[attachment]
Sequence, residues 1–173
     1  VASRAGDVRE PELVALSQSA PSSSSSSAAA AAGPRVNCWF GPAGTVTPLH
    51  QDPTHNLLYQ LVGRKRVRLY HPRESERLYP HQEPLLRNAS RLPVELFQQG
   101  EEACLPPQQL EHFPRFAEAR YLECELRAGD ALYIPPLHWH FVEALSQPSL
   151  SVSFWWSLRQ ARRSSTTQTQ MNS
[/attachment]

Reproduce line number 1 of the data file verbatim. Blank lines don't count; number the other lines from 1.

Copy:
Sequence, residues 1–173